I did watch ‘Seinfeld’ every week and it was my favorite show. I seem to remember JFK’s golf clubs being thrown out of Jerry’s Saab and getting run over by Cramer & Neuman in a postal van while they were transporting empty cans and bottles to Michigan to get a higher per-can return . . .

  • avatar

    I was walking around a very upscale neighborhood one Christmas Eve and in the middle of an undeveloped lot was parked a Lexus SC300 with an enormous red bow on the top of it, just like in the Honda ad. It was a used car, probably eight or so years old, but it was clean and I suspect some father was going to surprise a 16 year old son or daughter with it. People do surprise others with cars now and then, even though it is an anathema to us car enthusiasts.

    That said, every Christmas I put down on my list a very specific car that I wouldn’t mind having under the tree. I go into great detail about what options it should have, what color I want, and what trim level. But alas, no car has ever shown up. That doesn’t keep from trying, though.

  • avatar

    If you *don’t* know what car your spouse really wants…you don’t need a Honda, you need a marriage counselor, because if you communicate at all, you’ll know this one.

    • 0 avatar
      Educator(of teachers)Dan

      Driving can change everything. My fiance loved the first gen Vibe the min she set eyes on it but if the test drive had been crap she wouldn’t have bought it. She actually ended up ordering it exactally the way she wanted it and waiting for delivery. That is not someone I’d by a car for.

    • 0 avatar

      Considering that many of _us_ don’t know what car we’ll actually end up buying until we test drive a handful of them, I’m not sure I agree. She may know what she thinks she wants, but if she takes off the giant bow, drives the car around the neighborhood and suddenly realizes that she doesn’t fit in the seat properly, the dashboard feels cheap, the sightlines are bad, it’s not as fun as it looks, etc., etc., then, well, that’s four years of punishment for not knowing any better.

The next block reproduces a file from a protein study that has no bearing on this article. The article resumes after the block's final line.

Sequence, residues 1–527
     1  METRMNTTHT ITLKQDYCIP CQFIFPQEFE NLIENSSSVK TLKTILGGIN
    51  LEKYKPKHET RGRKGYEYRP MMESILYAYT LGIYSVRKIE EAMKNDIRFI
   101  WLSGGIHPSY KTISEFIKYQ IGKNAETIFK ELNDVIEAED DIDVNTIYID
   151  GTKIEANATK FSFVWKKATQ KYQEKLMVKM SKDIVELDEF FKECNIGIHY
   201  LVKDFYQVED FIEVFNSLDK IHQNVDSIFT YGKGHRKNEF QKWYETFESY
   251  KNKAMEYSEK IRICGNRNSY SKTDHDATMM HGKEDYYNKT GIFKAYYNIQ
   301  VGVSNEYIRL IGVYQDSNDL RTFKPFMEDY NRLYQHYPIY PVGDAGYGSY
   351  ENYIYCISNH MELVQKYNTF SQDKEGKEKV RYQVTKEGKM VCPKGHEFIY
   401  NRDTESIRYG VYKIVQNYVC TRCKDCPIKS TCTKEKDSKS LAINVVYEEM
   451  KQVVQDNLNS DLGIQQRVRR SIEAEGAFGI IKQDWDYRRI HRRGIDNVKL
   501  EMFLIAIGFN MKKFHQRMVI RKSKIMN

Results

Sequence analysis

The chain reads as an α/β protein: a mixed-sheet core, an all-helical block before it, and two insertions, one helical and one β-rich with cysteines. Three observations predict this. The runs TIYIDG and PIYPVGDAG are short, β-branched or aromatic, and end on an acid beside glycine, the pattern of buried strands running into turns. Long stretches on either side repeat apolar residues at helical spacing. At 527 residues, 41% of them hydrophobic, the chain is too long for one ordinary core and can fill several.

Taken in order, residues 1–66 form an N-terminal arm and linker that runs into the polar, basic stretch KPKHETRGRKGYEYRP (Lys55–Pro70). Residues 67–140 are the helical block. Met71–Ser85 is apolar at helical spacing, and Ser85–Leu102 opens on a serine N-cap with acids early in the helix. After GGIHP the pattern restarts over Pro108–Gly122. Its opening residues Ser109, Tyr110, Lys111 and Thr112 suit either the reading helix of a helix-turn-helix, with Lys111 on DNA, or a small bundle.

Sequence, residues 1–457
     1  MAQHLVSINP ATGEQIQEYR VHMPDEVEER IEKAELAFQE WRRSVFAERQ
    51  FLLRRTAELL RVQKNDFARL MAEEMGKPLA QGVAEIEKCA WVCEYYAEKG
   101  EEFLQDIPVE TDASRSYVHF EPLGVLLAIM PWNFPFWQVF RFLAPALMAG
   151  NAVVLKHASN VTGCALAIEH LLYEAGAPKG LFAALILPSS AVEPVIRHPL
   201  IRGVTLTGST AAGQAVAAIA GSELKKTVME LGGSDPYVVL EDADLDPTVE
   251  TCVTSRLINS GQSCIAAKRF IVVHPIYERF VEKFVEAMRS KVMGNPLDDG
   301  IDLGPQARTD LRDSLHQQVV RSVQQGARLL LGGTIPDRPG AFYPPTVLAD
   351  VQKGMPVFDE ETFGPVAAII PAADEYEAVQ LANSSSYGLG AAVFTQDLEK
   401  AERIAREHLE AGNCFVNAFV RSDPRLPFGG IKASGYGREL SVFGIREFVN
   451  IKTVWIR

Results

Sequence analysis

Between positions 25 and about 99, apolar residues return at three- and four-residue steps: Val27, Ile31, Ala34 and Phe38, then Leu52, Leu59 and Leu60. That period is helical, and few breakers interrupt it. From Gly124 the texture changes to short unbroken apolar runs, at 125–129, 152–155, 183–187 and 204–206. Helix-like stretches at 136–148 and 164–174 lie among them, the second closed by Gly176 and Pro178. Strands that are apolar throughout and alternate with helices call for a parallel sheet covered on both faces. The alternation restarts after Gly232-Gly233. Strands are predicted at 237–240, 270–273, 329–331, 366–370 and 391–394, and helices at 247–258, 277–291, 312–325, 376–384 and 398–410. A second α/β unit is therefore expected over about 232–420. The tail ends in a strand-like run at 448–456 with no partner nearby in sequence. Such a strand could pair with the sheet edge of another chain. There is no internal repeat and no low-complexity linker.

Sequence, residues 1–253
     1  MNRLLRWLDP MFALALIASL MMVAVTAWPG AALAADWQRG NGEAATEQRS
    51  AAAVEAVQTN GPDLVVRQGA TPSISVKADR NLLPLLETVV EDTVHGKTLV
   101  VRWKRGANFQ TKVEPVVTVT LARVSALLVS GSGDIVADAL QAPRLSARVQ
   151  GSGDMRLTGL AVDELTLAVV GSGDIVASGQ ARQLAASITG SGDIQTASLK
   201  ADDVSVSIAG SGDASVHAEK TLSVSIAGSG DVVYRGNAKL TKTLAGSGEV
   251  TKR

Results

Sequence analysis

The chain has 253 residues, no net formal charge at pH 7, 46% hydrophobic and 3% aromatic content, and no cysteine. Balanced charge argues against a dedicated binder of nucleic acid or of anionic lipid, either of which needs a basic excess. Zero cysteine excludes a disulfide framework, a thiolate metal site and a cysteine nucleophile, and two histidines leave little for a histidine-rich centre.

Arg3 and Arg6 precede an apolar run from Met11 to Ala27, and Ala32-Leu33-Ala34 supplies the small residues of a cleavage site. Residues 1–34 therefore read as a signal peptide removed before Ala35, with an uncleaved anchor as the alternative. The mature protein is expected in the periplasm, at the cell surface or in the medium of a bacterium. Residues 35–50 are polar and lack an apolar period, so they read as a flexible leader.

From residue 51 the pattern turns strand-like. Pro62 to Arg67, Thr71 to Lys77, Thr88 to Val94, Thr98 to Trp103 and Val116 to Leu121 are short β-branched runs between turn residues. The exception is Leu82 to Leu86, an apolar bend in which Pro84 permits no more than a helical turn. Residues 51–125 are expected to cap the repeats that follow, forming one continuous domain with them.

• avatar

    I’ve had multiple customers buy cars as gifts, but in most cases the recipient has come along with the benefactor to pick out the car they want.

    There have been a couple of ‘surprise’ gifts. In one case it was a son who had made good money doing something for the DOD in Iraq buying a new Focus for his parents who had never had a new car. From my followup with him and them they apparently loved it. The other was a husband buying his wife a car (I can’t remember if it was a Focus, Fusion, or Escape) but she had already picked it out as the car she wanted, she just didn’t know she was getting it for Christmas.

  • avatar

    The new Lexus commercial is the worst — the one where the wife plays the music box given to her by her husband. The box plays the Lexus “December to Remember Sales Event” theme and then the wife gets all gooey when she recognizes the theme. What kind of narcissistic, shallow misfit would actually connect tv commercial music with an actual gift? Most normal women would be thinking, “A piece of junk music box is all I get after birthing your children and scrubbing your underwear stains?” Infiniti commercials this year are also infantile.

  • avatar

    I bought my wife a new car for Christmas in 2003. She needed her car to have it’s oil change and since it was a Saturn, took it to the dealer. When I filled out the data to drop it off, I was shocked that her car had almost 100 thousand on it. So, instead of returning home in her car, I brought home a jet black Saturn VUE and parked it in the garage for her to find.